Bedside detection of urine β-hydroxybutyrate in diagnosing metabolic acidosis

Silas W. Smith, Alex F. Manini, Tibor Szekely, Robert S. Hoffman

Research output: Contribution to journalArticlepeer-review

14 Scopus citations


Objectives: While critically important, the rapid identification of the etiology of metabolic acidosis (MA) may be labor-intensive and time-consuming. Alcoholic, starvation, and severe diabetic ketoacidosis (AKA, SKA, and DKA, respectively) may produce β-hydroxybutyrate (BOHB) in marked excess of acetone (ACET) and acetoacetate (AcAc). Unfortunately, current urine dipstick technology poorly detects ACET and cannot measure BOHB. The inability to detect BOHB might delay therapy for ketoacidoses or provoke unnecessary evaluation or empiric treatment of other causes of MA, such as toxic alcohol poisoning. The authors tested the previous assertion that commonly available hydrogen peroxide (H2O2) would improve BOHB detection. The effectiveness of alkalinization and use of a silver nitrate (AgNO3) catalyst was also assessed. Methods: Control and urine test specimens containing from 0.5 to 800 mmol/L ACET, AcAc, and BOHB were prepared. Urine specimens were oxidized with H2O2 (3%) 1:9 (H2O2:urine), alkalinized with potassium hydroxide (KOH; 10%), exposed to AgNO3 sticks, or altered with a combination of these methods in a random fashion. Three emergency physicians (EPs) blinded to the preparation technique evaluated urine dipsticks (Multistix, Bayer Corp.) placed in the specimens for "ketones." Results: Multistix detected AcAc appropriately; ACET was detected only at high concentrations of ≥600 mmol/L. Multistix failed to measure BOHB at all concentrations tested. H2O2 improved urinary BOHB detection, although not to clinically relevant levels (40 mmol/L). Alkalinization and AgNO3 sticks did not improve BOHB detection beyond this threshold. Conclusions: Addition of H2O2 (3%), alkalinization, or AgNO3 sticks did not improve clinically meaningful urine BOHB detection. Clinicians should use direct methods to detect BOHB when suspected.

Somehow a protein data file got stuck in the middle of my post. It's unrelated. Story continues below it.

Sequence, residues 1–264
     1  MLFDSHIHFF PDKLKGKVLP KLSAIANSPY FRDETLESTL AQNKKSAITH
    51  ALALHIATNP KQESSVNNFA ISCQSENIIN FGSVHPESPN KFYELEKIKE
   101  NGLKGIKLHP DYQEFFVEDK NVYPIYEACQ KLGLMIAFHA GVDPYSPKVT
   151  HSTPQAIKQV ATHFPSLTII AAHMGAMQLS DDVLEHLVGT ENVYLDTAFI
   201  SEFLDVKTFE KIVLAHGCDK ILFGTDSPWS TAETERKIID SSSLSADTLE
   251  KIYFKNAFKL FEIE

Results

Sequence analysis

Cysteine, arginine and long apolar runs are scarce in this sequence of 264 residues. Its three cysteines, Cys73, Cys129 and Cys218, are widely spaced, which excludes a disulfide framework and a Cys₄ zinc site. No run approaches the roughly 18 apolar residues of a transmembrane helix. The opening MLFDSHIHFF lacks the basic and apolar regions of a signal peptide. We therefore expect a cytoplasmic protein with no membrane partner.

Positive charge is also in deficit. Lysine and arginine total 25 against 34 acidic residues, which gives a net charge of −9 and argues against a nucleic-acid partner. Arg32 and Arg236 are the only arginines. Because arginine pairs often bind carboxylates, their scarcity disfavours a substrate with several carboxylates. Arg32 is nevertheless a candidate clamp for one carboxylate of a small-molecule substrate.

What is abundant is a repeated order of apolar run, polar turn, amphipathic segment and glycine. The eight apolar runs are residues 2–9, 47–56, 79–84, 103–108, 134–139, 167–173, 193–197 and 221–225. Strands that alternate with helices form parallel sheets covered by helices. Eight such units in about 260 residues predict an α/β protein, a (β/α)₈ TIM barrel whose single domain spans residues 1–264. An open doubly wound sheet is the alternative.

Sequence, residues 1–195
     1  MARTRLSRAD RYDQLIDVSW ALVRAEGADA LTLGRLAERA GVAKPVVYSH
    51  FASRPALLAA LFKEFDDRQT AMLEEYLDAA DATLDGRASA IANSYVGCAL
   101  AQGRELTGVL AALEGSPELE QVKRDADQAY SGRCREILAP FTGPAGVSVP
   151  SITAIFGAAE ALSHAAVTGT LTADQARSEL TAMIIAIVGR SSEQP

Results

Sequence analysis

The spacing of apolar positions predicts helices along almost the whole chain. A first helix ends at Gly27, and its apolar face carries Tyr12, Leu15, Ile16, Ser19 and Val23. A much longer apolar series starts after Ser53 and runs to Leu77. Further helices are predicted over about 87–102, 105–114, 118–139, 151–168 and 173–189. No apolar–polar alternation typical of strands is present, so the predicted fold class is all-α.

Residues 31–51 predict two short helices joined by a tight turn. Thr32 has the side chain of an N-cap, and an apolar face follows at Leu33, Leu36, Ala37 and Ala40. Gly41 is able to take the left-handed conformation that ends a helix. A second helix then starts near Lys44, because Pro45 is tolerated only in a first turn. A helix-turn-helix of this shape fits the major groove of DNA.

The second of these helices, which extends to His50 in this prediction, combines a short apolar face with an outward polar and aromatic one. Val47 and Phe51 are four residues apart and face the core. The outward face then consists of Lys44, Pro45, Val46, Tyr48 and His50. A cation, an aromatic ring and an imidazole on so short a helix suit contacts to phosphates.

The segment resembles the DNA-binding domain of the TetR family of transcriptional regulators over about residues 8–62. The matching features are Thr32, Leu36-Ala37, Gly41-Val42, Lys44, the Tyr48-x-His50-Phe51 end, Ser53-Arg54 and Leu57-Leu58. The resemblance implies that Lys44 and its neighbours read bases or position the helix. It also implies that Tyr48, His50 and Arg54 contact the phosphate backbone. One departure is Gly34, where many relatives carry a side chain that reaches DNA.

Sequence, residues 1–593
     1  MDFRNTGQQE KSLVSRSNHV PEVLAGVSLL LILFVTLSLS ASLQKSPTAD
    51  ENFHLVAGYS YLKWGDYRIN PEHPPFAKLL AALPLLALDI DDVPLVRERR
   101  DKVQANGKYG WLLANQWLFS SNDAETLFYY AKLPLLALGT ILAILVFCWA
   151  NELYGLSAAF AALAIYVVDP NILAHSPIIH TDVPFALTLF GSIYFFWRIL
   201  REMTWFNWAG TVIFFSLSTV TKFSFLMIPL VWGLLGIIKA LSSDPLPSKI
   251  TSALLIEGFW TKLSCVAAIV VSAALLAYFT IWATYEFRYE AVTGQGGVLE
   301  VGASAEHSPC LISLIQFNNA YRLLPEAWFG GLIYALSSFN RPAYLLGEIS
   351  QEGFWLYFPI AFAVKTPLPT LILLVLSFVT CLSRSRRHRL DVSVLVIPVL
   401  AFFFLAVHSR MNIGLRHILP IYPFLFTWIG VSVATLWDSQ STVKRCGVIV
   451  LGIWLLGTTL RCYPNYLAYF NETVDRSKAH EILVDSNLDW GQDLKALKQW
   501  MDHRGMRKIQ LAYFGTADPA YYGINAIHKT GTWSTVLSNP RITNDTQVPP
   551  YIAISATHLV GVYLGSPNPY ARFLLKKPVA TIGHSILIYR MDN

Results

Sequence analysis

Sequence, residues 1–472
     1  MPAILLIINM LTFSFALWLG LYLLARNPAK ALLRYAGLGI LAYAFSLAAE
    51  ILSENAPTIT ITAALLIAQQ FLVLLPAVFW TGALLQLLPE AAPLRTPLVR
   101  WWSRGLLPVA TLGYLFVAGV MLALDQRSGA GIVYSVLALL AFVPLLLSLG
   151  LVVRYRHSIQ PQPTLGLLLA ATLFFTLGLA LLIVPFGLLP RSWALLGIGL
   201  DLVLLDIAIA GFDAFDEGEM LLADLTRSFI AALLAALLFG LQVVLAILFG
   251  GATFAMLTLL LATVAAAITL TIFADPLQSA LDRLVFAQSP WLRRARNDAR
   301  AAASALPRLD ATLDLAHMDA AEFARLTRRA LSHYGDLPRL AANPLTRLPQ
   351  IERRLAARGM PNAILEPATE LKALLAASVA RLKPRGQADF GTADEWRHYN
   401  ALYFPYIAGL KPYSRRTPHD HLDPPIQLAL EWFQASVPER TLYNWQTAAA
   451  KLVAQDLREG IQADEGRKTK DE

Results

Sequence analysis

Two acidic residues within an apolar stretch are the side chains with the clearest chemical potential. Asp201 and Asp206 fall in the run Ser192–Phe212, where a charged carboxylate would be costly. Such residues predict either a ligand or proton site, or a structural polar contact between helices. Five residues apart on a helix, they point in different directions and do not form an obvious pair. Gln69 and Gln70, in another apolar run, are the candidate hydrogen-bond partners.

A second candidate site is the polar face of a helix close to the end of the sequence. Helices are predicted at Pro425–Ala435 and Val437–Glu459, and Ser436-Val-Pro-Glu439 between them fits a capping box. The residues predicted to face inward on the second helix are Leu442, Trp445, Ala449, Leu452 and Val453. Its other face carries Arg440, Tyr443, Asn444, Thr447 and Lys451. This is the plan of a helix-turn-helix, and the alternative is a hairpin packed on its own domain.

Original languageEnglish
Pages (from-to)751-756
Number of pages6
JournalAcademic Emergency Medicine
Issue number8
StatePublished - Aug 2008
Externally publishedYes


  • Acetoacetate
  • Hydrogen peroxide
  • Ketones
  • Metabolic acidosis
  • Urinalysis
  • β-hydroxybutyrate


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